This time last year, France moved to stem the tide of game developers leaving the country for better opportunities in Canada and the U.S. by voting to reform its video game tax credit program
The move was supported by local game companies, including French video game industry trade body Syndicat National du Jeu Vidéo (SNJV). Now the European Commission (headquartered in Brussels, Belgium) has approved the revised terms of France's Video Game Tax Credit legislation, giving the country a green light to implement the reforms.
"The green light from Brussels concerning the new terms of the Video Game Tax Credit is excellent news for the entire sector," stated SNJV president (and Quantic Dream cofounder) Guillaume de Fondaumière in a press release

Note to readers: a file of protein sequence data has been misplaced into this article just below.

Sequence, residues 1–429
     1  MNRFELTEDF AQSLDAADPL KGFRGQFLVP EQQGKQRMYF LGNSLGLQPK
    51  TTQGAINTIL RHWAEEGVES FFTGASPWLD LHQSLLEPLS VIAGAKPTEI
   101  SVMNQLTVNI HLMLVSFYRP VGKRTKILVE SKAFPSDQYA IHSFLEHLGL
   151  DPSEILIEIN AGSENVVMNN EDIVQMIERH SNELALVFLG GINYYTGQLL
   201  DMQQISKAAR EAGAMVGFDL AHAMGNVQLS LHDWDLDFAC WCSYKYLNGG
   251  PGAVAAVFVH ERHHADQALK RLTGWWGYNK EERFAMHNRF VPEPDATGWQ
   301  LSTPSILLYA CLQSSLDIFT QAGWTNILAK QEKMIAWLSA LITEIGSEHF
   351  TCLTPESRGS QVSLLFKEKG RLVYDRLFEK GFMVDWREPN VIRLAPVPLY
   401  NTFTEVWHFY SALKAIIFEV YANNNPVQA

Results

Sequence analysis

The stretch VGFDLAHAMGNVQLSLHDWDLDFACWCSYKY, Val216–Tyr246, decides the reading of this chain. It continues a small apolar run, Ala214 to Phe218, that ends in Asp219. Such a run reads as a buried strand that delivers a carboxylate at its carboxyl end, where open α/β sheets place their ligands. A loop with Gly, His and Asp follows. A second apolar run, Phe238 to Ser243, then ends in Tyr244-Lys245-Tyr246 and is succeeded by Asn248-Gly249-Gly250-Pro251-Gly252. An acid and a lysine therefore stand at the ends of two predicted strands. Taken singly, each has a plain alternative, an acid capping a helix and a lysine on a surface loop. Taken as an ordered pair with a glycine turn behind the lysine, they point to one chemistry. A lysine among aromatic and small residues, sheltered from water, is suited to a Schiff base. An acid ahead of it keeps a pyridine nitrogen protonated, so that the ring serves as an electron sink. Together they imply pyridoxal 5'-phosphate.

confirming the news. "It will allow a much larger number of studios to benefit from a reduction in their production costs and, in particular, studios which create very popular games for the Web or mobile platforms. This measure will now allow companies already based in France to maintain many jobs."
Included in the revised legislation was language lowering the budget threshold that game development projects must exceed to qualify for tax breaks from A150,000 (~$186,453 USD) to A100,000 (~$124,586 USD) and opening the tax breaks up to PEGI 18+ games, which are currently excluded from applying for tax relief.